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Office Bullies: Insulted in Public? Unmask the Bully!

For office bullies, every day is Halloween. That is, office bullies wear masks. They fear exposing their inner weakness. You can use this trait to your advantage when a bully insults or criticizes you in front of others. Try these steps:

  • Take a deep breath and allow yourself time to process the comment. Recognize the insult for what it is—and is not. It is not a constructive suggestion for change. It is a bully’s challenge, designed to embarrass you.
  • Give yourself time to quiet your natural desire to defend yourself. Defensiveness puts you in a weaker position. Instead, allow silence to form around the bully’s words.
  • You can experiment by asking the bully direct questions, such as “What makes you think that?” “How do you see that quality in my action?” This puts the onus on the bully to respond. Since there’s likely to be little data or back up to support their original comment, the bully may have to back down.
  • Use the “broken record technique,” that is, repeat your questions until the bully responds. Stating your question firmly and with confidence is key. There’s nothing a bully fears more than being unmasked. When you remain calm, in control and ask questions, you’re likely to expose the bully’s weakness—her ability to think clearly and support her conclusions.

Confronting a bully’s criticism in public takes self-control and practice. When you’re ready, try another strategy:

  • Repeat the attack in your own words (paraphrase) and ask, “Is this what you mean?” For example, suppose the bully says, “These weak sales figures are your fault.” After you recognize the insult as bullying and allow silence (see numbers one and two above), say, “Are you saying that I alone am responsible for a five percent drop in sales in the first quarter?”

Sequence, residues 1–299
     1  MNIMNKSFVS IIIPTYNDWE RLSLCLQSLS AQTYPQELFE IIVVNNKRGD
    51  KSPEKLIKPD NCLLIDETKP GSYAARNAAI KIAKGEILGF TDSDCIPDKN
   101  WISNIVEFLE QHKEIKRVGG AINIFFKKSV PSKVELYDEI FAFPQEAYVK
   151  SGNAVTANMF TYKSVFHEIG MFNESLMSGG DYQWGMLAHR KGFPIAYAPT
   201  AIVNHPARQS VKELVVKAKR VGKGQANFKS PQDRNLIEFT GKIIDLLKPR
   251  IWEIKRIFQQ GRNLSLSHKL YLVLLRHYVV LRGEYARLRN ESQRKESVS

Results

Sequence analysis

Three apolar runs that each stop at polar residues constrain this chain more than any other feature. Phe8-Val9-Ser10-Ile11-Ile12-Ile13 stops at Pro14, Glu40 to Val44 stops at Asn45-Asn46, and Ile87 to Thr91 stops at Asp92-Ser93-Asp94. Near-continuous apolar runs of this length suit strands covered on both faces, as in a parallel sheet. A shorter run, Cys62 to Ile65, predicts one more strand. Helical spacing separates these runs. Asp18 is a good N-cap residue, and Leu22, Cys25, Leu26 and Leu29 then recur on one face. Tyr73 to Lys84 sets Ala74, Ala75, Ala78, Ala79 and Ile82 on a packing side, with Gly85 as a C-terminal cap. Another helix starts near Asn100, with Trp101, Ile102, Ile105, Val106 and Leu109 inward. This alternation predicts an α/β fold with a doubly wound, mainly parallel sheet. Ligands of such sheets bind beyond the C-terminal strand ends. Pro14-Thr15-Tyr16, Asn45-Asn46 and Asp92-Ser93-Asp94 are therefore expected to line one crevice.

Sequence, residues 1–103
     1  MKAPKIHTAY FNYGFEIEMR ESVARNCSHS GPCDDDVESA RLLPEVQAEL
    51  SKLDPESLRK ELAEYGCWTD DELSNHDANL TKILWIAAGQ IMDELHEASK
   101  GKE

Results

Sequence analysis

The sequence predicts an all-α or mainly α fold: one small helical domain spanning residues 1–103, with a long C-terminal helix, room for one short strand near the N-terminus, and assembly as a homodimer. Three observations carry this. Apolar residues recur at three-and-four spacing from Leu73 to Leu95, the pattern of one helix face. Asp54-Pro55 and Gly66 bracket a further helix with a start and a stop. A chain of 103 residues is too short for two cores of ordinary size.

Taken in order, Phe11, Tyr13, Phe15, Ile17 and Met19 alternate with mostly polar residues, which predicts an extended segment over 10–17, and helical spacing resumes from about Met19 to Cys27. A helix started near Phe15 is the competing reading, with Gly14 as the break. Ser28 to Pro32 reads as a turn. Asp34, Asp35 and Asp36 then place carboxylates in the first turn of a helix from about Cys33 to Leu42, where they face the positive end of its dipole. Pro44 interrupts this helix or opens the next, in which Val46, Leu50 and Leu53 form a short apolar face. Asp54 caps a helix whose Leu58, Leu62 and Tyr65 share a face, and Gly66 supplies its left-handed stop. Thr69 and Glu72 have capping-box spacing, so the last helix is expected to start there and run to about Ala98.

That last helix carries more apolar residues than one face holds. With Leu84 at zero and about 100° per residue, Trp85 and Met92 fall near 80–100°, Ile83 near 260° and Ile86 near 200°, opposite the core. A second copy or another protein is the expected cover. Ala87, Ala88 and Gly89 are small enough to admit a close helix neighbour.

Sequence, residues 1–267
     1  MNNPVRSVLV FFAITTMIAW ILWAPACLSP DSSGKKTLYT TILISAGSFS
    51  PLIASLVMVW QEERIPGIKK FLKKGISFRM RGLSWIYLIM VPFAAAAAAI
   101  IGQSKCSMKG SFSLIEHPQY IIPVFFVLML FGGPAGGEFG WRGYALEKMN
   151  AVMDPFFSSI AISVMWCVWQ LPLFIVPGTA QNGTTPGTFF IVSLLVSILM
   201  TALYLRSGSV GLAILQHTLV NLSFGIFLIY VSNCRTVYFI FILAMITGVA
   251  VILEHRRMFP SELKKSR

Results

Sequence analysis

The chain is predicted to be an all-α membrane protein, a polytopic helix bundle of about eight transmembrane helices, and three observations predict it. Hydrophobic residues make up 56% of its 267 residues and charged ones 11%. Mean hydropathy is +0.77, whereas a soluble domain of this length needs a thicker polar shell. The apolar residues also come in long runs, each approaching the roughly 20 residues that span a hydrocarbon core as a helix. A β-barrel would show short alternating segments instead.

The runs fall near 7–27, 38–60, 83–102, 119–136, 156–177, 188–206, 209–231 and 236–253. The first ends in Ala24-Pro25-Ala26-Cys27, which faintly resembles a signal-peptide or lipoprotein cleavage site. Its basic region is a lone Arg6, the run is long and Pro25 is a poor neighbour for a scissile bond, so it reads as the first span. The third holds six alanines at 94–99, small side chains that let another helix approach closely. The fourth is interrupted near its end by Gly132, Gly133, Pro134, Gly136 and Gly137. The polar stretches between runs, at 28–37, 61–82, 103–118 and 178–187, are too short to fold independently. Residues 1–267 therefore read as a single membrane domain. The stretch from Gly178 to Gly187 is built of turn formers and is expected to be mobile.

• Ask the bully to tell you specifically what you did and ask for a possible solution, for example, “Can you be more specific…?”
  • State what you will do to implement the solution.
  • If the bully persists with another “helpful” suggestion or attack, clearly state again what you’re willing to do and end the conversation. For example, “I’ll take your suggestion and follow up with you [in a specific time period]. Let’s move on.”

There’s something else to take into account. Targets often believe that everyone in the office is against them, especially the bully. This is usually not the case. The squeaky wheel does not necessarily earn the respect!

When you stand up to office bullies and unmask them, you are acting not only for yourself but for others, who know they may be the next ones singled out. Most folks want to spend their time working, not dealing with a workplace bully. Once you have established that you can hold your own in the face of a bully’s criticism, others will side with you.

Make sure that Halloween is a part of your office celebration only once a year. Learn how to unmask the bully.

Valerie Cade, Founder
Bully Free at Work